Criminal justice certificates are designed to give students a fast track into this important field of study. These programs typically help students who are already working within the American criminal justice system acquire a better understanding of the theories that inform police criminal justice policy.

Factors prospective students should consider

In some cases, a criminal justice certificate program can be counted as credit toward a more advanced degree in this field.

Type of courses and clinical experiences offered

Courses you can expect to take during this program include criminal law, policing, corrections, and ethics in criminal justice, among others.

Skills students can learn

Not only can you learn the theory behind common police practice and criminal justice operations, but you can learn how to write a police or corrections report and learn about the most common crimes you'll likely deal with in this field.

Jobs related to this degree

The certificate program can help entry-level workers get their first jobs in the field such as a bailiff, correction facility officer or a security guard.

Associates Degrees in Criminal Justice

Graduates holding an associate degree may be able to command a higher salary, and you can use this degree as a stepping-stone toward a four-year degree in criminal justice or a related field.

Factors prospective students should consider

Earning an associate degree in this field may help open the door to more potential jobs since this is often the minimum educational requirement for criminal justice.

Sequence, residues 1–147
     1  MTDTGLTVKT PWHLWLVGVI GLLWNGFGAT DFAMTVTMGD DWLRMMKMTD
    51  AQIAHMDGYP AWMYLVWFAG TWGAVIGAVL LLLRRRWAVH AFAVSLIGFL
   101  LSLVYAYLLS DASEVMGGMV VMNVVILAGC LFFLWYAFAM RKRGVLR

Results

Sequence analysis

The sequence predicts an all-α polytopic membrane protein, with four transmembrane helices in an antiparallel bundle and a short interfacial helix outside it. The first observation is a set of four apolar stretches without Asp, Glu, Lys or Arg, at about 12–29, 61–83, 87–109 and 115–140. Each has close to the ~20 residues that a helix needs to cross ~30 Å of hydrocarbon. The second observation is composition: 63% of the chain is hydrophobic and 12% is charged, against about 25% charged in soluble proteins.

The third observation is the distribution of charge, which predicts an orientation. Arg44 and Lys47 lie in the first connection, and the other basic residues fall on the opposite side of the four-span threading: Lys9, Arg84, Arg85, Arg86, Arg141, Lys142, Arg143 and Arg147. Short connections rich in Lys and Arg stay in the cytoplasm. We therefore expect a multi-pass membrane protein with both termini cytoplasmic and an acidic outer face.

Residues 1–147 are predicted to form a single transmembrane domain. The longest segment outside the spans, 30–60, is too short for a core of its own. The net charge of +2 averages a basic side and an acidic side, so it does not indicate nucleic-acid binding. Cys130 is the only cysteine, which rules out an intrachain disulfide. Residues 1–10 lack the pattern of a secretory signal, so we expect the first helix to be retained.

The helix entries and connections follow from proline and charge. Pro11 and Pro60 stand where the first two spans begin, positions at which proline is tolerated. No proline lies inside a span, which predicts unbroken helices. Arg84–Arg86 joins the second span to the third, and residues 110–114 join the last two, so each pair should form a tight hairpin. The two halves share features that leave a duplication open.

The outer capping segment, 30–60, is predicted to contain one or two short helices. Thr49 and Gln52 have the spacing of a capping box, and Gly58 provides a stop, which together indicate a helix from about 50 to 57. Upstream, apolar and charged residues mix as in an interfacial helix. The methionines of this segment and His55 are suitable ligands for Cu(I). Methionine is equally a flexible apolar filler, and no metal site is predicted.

Type of courses and clinical experiences offered

Courses you can expect to take in an associate degree program include criminal law, criminal procedure, criminal investigation, social impact of technology, and more.

Skills students can learn

You may learn how to write policy reports, understand the ethical considerations of criminal justice work, and find out how to apply critical thinking to the complicated world of corrections and law.

Jobs related to this degree level

Fields you may find work in after this program include security and gaming surveillance, corrections, probation officer or police officer.

Bachelor's Degrees in Criminal Justice

A criminal justice bachelor degree can provide a well-rounded education that can lead to higher pay and more advancement within the field of criminal justice. You should note that many leadership positions in this field require a four-year degree, so pursuing one can give you an edge over other applicants no matter which criminal justice career you apply for.

Type of courses and clinical experience offered